In terms of culinary trends, we’ve so often paid attention to higher-end cooking and maybe not as much to rustic cooking. Now there are some exceptions, and I think that those exceptions have been getting more and more frequent. People are realizing that the Italians, for instance, know how to make delicious food out of very little – like the whole cucina povera movement in Italy, which is very centered on beans. And then there has been more attention paid to the cuisine – cuisines, I should say, plural – of Mexico. And India. These are vast nations that have a huge diversity of cuisines within the country, and yet their bean dishes are beloved all over each of those cultures. As immigrants have played a more and more important part in American culture and people are paying attention to them, and certainly the culinary culture, that’s where things also started to change. People are realizing that beans don’t have to just be an obligation – they can be the foundation of something really delicious.
Let’s go back to Rancho Gordo – a fair number of our readers are probably already familiar with the company, but can you talk a little bit more about Rancho Gordo and owner Steve Sando? What’s so special about his beans?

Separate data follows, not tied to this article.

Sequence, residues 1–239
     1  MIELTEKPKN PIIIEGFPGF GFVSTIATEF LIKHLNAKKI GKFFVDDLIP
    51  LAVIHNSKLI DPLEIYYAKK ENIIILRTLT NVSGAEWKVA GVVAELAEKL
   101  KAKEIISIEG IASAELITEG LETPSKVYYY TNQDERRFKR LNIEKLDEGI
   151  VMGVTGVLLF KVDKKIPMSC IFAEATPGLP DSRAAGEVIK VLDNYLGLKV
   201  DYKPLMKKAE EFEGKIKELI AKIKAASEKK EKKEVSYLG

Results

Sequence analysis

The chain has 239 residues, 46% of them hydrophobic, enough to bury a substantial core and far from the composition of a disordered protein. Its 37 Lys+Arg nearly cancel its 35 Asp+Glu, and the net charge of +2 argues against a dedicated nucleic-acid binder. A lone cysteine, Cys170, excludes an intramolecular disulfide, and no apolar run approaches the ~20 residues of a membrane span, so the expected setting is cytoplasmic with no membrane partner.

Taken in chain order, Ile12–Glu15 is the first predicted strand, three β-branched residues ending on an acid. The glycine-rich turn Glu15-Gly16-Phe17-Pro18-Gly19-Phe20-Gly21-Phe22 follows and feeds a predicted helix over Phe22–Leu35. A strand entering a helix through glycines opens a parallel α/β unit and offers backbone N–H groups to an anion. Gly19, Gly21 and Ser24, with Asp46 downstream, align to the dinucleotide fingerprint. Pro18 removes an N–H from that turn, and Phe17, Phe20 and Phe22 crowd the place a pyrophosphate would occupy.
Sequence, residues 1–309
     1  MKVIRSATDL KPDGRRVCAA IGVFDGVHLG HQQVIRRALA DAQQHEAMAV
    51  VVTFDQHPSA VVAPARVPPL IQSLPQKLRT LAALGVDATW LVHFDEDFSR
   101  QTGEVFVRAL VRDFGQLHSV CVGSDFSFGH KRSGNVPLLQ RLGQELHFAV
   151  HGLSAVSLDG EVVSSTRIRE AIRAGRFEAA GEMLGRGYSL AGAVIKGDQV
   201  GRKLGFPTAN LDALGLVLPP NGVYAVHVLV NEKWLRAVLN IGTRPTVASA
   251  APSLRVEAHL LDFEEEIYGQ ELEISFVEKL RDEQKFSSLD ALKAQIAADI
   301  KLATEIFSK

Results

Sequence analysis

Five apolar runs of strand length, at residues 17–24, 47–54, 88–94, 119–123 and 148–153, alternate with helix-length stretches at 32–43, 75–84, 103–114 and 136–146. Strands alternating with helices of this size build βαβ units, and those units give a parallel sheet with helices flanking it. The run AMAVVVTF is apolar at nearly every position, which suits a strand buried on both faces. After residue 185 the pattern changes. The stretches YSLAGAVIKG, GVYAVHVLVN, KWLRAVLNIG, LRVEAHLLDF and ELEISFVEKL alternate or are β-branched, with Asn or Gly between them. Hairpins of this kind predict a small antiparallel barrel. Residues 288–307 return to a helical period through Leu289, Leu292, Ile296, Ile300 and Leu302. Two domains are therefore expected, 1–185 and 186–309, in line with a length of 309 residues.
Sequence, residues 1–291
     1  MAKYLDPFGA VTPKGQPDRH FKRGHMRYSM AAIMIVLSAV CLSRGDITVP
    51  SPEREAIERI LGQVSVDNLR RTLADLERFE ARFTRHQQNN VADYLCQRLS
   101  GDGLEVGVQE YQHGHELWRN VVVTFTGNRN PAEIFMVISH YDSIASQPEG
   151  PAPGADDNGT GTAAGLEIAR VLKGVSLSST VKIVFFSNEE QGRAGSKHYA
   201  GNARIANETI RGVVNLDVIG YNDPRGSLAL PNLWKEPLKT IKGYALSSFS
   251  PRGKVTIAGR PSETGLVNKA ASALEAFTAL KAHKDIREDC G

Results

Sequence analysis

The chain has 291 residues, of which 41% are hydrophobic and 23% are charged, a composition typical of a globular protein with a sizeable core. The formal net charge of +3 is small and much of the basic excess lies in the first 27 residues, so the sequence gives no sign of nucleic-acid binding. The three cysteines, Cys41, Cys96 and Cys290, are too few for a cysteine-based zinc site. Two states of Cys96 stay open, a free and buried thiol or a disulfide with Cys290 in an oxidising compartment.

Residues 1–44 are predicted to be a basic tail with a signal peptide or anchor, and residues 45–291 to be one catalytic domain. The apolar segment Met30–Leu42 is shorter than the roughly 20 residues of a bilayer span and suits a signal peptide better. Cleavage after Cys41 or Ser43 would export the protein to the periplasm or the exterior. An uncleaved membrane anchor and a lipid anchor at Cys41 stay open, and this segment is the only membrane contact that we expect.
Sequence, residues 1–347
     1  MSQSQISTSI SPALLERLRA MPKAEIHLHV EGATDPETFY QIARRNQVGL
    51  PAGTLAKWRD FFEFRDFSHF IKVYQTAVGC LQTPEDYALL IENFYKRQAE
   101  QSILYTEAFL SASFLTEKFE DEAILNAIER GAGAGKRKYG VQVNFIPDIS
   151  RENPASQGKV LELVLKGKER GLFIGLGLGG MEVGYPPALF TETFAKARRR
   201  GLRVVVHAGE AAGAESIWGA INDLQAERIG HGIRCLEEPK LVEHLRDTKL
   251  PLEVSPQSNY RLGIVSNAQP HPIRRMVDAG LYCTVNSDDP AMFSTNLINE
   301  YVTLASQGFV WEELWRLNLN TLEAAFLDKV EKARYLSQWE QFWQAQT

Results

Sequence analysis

The Post was one of the first, maybe even the first mainstream large publication that wrote about him, around 10 or 11 years ago, and it was right after Thomas Keller had discovered Rancho Gordo beans and put them on the French Laundry menu and named the beans – at that point, people started paying more attention to [Rancho Gordo].
The first time I had them – and so many other people have certainly had the same experience – they were revelatory. They’re not as old as most beans that you get. So they were dried usually within the last year, which makes a huge difference in how quickly they cook up and how evenly they cook up. [Steve] also grows and sells these varieties of beans that you really don’t see all that much anymore – some of them we’ve never seen in the United States before.